Remarks by Ambassador YAMATE – ENFAG English Language Graduation

It is an honor for me to speak to you today.  For the past 10 months you have lived, breathed and slept the English language —literally, Captain Taoufik tells me that one requirement of the course is that you live here at the school.  So I begin by commending your hard work and dedication in learning what is —for many of you —your third language.  Such an achievement is no small feat and I applaud your efforts!

For centuries, the Comoran islands have stood at the crossroads of trade between East Africa and the Indian Ocean.  Hundreds, if not thousands, of languages have been spoken as ships, sailors and merchants have passed through your ports.  Today as the regional merchant shipping traffic increases, this union of islands faces the challenges of economic and geographic isolation.  It is a credit to the leadership of this military, however, that they have recognized these challenges and met them head on by prioritizing this English language training.  They have recognized language as the great bridge that crosses oceans and continents; that can close the gap between this great nation and the rest of the world.  On a practical level, as you are well aware, familiarization and understanding of the English language is essential for the security cooperation between our two nations.  Your ability to demonstrate proficiency in reading and understanding English allows my Embassy to send you to a host of training opportunities within the United States.  Then, upon completion of your studies, you are able to return to Comoros and share your knowledge and experiences with your fellow soldiers.   Of equal importance, the ability to speak and understand English enables greater interoperability when participating in regional exercises such as CUTLASS EXPRESS or peacekeeping missions within the East Africa Standby Force.   An increased role in the regional maritime exercise CUTLASS EXPRESS will be a key enabler as Comoros seeks to thwart illicit trafficking of all types.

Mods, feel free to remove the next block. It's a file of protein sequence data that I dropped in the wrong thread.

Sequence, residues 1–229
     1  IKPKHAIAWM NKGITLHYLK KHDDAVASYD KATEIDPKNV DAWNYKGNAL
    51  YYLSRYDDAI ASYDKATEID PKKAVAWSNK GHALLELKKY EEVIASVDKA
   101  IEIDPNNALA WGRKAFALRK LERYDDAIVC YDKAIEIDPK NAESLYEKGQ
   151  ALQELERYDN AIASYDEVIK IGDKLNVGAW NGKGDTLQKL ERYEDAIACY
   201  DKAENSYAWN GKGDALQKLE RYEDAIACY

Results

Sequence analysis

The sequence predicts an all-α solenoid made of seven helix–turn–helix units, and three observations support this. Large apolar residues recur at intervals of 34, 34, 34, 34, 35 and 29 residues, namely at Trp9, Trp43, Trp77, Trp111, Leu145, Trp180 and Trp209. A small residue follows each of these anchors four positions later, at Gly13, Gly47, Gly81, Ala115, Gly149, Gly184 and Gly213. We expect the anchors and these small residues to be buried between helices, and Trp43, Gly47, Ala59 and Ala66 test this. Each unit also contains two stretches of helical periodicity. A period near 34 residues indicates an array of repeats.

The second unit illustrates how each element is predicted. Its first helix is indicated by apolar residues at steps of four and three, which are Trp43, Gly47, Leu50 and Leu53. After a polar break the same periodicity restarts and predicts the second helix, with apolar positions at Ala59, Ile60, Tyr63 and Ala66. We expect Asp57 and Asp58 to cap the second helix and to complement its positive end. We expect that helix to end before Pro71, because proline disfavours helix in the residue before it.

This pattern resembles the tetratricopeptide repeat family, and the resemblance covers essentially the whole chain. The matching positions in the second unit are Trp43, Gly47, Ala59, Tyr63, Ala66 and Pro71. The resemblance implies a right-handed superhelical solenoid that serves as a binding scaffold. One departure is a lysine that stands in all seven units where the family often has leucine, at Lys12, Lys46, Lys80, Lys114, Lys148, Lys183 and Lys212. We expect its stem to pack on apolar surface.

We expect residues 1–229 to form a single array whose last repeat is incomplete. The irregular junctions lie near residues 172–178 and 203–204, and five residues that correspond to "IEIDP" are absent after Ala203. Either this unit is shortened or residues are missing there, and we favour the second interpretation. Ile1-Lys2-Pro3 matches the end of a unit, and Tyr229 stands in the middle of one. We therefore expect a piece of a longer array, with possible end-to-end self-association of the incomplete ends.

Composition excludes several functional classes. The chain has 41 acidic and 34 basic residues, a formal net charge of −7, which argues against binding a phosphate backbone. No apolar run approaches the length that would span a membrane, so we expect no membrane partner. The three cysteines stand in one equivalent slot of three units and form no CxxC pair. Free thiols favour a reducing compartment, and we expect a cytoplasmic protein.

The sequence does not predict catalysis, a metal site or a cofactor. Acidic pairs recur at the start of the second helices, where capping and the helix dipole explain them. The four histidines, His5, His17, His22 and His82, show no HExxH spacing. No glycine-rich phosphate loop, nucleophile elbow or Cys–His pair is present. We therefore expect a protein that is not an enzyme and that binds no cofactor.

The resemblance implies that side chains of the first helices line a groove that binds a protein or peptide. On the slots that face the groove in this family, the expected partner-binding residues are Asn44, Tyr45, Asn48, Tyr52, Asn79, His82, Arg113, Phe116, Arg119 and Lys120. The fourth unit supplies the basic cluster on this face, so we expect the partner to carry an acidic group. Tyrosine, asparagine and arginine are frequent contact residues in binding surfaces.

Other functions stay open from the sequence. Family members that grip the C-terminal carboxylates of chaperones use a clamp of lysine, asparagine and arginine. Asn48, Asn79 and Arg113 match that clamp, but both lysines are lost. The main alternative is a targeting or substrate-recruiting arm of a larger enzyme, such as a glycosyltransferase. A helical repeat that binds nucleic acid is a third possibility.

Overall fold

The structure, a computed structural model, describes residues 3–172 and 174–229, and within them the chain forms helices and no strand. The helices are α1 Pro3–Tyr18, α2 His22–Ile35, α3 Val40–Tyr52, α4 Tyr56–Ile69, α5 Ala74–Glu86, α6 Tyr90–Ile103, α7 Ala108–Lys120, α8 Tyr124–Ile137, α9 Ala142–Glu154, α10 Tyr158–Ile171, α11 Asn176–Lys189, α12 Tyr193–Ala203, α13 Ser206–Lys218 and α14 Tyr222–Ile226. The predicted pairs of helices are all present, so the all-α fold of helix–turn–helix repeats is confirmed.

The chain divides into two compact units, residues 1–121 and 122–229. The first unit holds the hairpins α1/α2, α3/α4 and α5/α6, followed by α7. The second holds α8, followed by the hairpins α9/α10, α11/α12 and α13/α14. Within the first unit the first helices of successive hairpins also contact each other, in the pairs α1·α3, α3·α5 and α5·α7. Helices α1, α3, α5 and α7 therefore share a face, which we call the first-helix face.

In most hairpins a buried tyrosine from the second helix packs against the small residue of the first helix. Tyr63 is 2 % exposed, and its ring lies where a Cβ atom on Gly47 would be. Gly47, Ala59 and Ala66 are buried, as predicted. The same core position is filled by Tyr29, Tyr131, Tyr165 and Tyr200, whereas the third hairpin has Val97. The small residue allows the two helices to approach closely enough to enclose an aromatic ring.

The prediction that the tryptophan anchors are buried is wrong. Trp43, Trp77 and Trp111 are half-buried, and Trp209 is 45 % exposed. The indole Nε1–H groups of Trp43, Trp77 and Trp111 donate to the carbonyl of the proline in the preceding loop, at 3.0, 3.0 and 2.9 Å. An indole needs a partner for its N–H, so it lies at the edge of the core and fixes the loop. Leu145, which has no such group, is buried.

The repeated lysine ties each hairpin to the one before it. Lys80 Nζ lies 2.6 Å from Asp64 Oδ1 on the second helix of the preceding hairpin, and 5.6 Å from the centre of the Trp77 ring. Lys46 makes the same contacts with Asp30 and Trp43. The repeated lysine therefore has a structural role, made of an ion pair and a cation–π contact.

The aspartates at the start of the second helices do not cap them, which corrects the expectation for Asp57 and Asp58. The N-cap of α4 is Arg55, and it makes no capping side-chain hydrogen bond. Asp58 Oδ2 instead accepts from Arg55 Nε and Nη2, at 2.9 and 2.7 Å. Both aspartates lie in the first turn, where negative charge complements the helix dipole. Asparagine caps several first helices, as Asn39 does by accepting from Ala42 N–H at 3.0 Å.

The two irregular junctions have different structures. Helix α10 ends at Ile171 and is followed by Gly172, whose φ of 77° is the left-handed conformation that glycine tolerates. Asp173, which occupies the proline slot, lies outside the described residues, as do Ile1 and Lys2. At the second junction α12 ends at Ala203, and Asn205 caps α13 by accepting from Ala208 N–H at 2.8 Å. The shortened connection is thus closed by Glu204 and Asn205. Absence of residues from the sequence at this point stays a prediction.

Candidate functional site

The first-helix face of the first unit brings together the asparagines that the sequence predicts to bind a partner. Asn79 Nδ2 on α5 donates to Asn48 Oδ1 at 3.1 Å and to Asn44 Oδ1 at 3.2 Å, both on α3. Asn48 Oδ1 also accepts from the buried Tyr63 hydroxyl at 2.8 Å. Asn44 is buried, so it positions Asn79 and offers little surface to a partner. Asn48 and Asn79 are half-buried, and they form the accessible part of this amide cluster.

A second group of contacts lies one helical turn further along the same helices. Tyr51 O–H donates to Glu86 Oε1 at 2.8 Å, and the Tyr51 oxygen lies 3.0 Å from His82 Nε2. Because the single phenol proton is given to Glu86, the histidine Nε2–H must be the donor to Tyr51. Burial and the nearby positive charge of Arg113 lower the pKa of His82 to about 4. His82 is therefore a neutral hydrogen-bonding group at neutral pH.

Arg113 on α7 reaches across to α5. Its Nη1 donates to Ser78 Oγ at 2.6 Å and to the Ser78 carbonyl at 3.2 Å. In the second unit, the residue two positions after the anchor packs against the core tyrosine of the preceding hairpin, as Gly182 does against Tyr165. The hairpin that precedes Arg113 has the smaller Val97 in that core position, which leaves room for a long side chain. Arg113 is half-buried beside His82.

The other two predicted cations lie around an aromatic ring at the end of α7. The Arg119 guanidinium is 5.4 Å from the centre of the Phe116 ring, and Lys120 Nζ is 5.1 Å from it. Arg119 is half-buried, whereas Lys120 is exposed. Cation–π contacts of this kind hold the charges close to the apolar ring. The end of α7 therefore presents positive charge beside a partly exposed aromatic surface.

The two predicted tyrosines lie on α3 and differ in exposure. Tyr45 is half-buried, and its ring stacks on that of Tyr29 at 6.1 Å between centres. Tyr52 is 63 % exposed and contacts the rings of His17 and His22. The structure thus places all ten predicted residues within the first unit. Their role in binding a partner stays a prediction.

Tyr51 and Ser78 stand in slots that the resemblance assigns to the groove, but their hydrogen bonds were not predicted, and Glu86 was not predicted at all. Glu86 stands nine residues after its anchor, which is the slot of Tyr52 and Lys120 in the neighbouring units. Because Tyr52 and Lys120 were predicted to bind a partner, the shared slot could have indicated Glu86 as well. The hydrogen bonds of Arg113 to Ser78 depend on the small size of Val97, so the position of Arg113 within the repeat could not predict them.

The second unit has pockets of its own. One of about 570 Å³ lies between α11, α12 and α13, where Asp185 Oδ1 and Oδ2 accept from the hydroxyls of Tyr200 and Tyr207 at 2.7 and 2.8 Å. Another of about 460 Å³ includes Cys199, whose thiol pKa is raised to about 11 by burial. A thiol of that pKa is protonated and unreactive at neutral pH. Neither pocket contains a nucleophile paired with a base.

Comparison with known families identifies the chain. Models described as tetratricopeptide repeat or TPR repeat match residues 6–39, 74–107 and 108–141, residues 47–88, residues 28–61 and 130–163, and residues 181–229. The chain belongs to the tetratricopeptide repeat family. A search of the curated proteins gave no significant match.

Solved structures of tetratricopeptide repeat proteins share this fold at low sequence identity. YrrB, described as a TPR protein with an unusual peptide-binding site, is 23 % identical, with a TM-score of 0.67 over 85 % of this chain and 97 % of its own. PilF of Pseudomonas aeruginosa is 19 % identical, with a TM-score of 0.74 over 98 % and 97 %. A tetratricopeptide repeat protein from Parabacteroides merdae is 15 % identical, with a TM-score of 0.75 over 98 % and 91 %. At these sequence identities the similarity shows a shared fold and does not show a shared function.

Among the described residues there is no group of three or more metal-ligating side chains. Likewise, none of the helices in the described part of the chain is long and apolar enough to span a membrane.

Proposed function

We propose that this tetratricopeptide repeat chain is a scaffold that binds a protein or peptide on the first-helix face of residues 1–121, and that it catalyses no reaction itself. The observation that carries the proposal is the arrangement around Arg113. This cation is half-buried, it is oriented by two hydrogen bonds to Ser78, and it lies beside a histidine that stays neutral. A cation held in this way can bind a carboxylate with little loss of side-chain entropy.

I would like to take a moment now to offer my congratulations to another former graduate of the language labs, Captain Ali Mohamed, who returned recently from 15 weeks at the International Maritime Officer’s Course.  Ali Mohamed is the first Comoran ever to graduate from this rigorous course.   Your hours of studying have paid off and I look forward to seeing great things from you in the future in your role as deputy commander of the Coast Guard.

I would like to close by commenting on a quote from Nelson Mandela, who had very wise words when it comes to learning a new language:

If you talk to a man in a language he understands, that goes to his head. If you talk to him in his own language, that goes to his heart.

So I thank you today for your fortitude in learning the English language and speaking to the heart of my own country —this conversation is the foundation of the relationship between our two countries —a relationship that will only deepen in the years to come.